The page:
Usually, a woman with any of the conditions listed below should not use progestin-only injectables. In special circumstances, however, when other, more appropriate methods are not available or acceptable to her, a qualified provider who can carefully assess a specific woman’s condition and situation may decide that she can use progestin-only injectables. The provider needs to consider the severity of her condition and, for most conditions, whether she will have access to follow-up care.

  • Breastfeeding and less than 6 weeks since giving birth (considering the risks of another pregnancy and that the woman may have limited further access to injectables)
  • Severe high blood pressure (systolic 160 mm Hg or higher or diastolic 100 mm Hg or higher)
  • Acute blood clot in deep veins of legs or lungs
  • History of heart disease or current heart disease due to blocked or narrowed arteries (ischemic heart disease)
  • History of stroke
  • Multiple risk factors for arterial cardiovascular disease such as diabetes and high blood pressure
  • Unexplained vaginal bleeding before evaluation for possible serious underlying condition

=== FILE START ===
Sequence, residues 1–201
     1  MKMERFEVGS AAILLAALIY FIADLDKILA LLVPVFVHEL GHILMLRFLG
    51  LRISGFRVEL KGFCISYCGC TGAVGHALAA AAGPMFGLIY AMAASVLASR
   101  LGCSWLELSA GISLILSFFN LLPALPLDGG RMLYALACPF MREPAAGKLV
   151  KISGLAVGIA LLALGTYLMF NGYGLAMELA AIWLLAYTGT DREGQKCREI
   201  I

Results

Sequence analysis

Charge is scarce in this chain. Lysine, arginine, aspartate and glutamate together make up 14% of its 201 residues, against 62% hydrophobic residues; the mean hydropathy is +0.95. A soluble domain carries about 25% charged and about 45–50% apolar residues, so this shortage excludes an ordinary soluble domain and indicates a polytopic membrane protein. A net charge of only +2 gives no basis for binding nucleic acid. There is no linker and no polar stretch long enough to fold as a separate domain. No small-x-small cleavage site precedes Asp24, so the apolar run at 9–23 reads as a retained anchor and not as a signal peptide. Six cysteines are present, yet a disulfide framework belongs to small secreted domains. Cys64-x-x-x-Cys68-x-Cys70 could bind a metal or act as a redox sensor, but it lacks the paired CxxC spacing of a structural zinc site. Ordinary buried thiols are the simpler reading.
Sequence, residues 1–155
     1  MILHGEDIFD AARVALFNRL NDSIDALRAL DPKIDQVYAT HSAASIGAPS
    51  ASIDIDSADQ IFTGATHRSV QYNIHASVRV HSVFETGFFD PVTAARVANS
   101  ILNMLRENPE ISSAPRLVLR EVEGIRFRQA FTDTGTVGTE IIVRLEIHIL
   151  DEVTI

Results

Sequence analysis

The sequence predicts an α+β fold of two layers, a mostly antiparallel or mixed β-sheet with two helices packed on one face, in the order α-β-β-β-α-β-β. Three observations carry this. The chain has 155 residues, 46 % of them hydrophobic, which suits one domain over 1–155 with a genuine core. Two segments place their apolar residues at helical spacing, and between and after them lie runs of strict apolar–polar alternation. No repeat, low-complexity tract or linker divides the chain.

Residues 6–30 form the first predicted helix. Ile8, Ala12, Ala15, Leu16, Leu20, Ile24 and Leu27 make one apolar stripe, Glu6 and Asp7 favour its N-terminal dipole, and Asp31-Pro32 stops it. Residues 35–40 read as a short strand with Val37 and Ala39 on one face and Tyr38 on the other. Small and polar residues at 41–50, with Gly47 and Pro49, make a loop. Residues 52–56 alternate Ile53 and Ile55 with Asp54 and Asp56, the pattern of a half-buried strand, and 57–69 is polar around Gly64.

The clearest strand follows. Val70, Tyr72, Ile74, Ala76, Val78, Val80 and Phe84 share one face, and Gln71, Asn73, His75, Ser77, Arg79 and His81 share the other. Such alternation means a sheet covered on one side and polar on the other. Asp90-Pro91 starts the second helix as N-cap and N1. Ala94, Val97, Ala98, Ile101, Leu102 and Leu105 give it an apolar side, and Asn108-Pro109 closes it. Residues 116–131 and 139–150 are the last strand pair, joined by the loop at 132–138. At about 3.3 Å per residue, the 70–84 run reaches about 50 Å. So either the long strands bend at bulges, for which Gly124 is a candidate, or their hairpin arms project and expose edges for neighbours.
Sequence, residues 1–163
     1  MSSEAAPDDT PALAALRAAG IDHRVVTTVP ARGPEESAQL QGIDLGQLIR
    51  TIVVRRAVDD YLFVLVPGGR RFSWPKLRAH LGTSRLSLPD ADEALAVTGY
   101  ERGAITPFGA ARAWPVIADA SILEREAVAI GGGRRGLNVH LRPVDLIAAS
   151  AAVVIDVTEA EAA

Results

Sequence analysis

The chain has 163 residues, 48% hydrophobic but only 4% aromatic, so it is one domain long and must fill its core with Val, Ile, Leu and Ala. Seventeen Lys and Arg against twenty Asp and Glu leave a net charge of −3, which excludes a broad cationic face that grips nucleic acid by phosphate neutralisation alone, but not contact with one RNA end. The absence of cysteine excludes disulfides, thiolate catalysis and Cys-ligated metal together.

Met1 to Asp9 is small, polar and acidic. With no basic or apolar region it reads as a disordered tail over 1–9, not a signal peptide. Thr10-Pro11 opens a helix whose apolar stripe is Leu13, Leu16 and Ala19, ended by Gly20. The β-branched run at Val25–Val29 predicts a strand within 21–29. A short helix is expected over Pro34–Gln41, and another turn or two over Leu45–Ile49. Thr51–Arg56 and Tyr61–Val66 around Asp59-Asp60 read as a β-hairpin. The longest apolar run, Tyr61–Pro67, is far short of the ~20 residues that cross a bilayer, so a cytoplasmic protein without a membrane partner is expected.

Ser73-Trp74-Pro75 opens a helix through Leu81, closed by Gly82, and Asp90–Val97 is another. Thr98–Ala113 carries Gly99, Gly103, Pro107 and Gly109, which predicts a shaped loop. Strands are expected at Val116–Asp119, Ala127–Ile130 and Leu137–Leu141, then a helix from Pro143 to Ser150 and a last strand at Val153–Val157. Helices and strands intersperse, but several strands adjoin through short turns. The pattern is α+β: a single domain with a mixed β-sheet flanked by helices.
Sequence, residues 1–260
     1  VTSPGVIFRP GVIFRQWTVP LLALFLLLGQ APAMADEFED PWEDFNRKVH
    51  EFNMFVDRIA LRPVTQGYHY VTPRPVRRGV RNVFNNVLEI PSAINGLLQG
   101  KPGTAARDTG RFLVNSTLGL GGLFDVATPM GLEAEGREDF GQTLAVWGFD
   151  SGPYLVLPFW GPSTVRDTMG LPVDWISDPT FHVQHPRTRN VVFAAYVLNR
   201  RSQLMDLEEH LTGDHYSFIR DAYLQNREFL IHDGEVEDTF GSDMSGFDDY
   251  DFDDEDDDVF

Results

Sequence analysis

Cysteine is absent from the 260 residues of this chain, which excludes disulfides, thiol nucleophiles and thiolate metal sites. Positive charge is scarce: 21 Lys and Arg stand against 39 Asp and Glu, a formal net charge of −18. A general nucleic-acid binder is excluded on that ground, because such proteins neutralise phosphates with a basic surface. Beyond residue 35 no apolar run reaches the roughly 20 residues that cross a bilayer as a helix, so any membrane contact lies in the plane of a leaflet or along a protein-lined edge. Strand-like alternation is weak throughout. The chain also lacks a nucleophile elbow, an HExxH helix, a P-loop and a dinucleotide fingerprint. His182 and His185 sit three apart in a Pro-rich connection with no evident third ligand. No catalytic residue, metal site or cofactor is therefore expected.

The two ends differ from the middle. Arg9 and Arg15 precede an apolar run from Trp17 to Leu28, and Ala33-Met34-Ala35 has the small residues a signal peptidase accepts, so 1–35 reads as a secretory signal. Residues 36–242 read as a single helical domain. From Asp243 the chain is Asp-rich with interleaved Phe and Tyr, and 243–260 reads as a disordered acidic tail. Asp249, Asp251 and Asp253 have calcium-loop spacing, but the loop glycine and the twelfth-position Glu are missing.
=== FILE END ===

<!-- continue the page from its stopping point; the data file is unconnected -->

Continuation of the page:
• Had breast cancer more than 5 years ago, and it has not returned
  • Diabetes for more than 20 years, or damage to arteries, vision, kidneys, or nervous system caused by diabetes
  • Severe cirrhosis of the liver or liver tumor
  • Systemic lupus erythematosus with positive (or unknown) antiphospholipid antibodies and not on immunosuppressive treatment, or severe thrombocytopenia


Progestin-Only Injectables for Women with HIV
  • Women who are living with HIV including those who are on antiretroviral therapy (ART) can safely use progestin-only injectables.
  • The time between injections does not need to be shortened for women on ART.
  • Urge these women to use condoms as well. Used consistently and correctly, condoms help prevent transmission of HIV and other STIs.